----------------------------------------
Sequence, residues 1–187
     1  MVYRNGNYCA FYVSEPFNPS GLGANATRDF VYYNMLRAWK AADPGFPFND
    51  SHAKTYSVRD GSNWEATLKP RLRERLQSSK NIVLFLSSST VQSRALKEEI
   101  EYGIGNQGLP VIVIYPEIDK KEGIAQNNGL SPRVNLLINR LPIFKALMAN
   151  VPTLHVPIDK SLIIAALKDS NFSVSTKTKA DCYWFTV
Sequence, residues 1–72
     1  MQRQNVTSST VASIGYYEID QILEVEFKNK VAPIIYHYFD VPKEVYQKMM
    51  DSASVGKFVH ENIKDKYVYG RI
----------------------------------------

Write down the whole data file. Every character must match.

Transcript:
Sequence, residues 1–187
     1  MVYRNGNYCA FYVSEPFNPS GLGANATRDF VYYNMLRAWK AADPGFPFND
    51  SHAKTYSVRD GSNWEATLKP RLRERLQSSK NIVLFLSSST VQSRALKEEI
   101  EYGIGNQGLP VIVIYPEIDK KEGIAQNNGL SPRVNLLINR LPIFKALMAN
   151  VPTLHVPIDK SLIIAALKDS NFSVSTKTKA DCYWFTV
Sequence, residues 1–72
     1  MQRQNVTSST VASIGYYEID QILEVEFKNK VAPIIYHYFD VPKEVYQKMM
    51  DSASVGKFVH ENIKDKYVYG RI